Lee Krasner Retrospective, Independent Curators International, Los Angeles County Museum of Art, 1999; Lee Krasner: A Retrospective, The Museum of Fine Arts, Houston, 1983; Lee Krasner: Large Paintings, Whitney Museum of American Art, New York City, 1973
Pathmakers: Women in Art, Craft, and Design, Midcentury and Today, 2015–2016
Four Centuries of Women's Art: The National Museum of Women in the Arts, 1990
Women Artists of the New Deal Era: A Selection of Prints and Drawings, 1988
About the Artist
Lee Krasner was one of the first generation Abstract Expressionist painters. Through six decades devoted to art, she continually explored innovative approaches to painting and collage.
Born in Brooklyn, New York, to a Russian Orthodox Jewish family, Krasner pursued formal art training at several New York City institutions and also studied with the influential German abstract painter Hans Hofmann. Like many of her generation, Krasner supported herself in the 1930s by working for the Works Progress Administration’s Federal Art Project. Her positions with the Mural Division provided her with valuable experience working on a larger scale. She was also an active member the Artists Union and American Abstract Artists, and her commitment to such activism continued throughout her life.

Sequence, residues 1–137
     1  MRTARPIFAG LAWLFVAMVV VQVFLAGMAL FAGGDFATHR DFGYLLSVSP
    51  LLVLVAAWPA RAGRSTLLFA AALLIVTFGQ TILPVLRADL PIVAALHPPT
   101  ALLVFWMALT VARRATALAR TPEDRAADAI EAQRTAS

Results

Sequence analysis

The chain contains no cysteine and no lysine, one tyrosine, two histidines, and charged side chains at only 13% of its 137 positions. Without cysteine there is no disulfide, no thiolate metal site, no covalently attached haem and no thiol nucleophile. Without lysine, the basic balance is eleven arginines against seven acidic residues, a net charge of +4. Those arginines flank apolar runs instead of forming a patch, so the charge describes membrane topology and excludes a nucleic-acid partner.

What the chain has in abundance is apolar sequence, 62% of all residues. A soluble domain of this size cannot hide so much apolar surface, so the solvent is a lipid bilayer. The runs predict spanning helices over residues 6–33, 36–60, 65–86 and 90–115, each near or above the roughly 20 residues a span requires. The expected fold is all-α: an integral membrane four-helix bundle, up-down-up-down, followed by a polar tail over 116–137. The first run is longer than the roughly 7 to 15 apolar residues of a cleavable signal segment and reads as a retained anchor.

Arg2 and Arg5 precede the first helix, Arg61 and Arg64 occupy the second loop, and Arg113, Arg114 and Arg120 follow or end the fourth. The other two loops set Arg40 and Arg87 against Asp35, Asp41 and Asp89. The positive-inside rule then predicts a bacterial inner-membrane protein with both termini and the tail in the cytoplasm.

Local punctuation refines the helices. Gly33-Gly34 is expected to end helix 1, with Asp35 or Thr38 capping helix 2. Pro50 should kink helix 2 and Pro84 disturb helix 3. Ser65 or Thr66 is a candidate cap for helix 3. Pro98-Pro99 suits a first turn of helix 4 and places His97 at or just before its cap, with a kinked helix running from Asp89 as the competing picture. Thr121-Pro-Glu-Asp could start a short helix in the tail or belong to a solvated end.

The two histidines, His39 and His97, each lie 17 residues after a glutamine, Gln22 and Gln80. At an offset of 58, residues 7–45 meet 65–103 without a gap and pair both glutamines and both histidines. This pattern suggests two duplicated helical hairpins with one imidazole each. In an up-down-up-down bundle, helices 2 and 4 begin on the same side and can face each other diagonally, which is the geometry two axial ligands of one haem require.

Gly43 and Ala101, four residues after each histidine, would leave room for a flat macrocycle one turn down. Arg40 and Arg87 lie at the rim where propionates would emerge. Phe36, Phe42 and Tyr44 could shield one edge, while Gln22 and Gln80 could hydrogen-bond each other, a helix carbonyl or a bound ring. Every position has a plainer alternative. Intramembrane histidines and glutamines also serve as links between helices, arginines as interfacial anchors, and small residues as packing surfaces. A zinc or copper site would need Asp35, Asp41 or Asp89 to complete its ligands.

Krasner married the gifted, but troubled painter Jackson Pollock in 1945. Long overshadowed by Pollock, Krasner was actually an established abstract artist well before she met him. Fully engaged in the New York art scene of the ’30s and ’40s, she introduced Pollock to the artist Willem de Kooning and critic Clement Greenberg, among other key figures.
During her time with Pollock at their home near Springs, Long Island, Krasner developed her Little Image paintings. Thickly painted with abstract symbols, these works are today considered among her most significant contributions to Abstract Expressionism.
When her 11 year marriage ended with Pollock’s death in an automobile crash, Krasner devoted the rest of her life to promoting Pollock’s art and ensuring his legacy, while also continuing her own exploration of abstraction. In 1978 Krasner was finally accorded her rightful place alongside Pollock, Rothko, and the others in the exhibition Abstract Expressionism: The Formative Years. The last decade of her life also brought numerous honors, awards, and publications.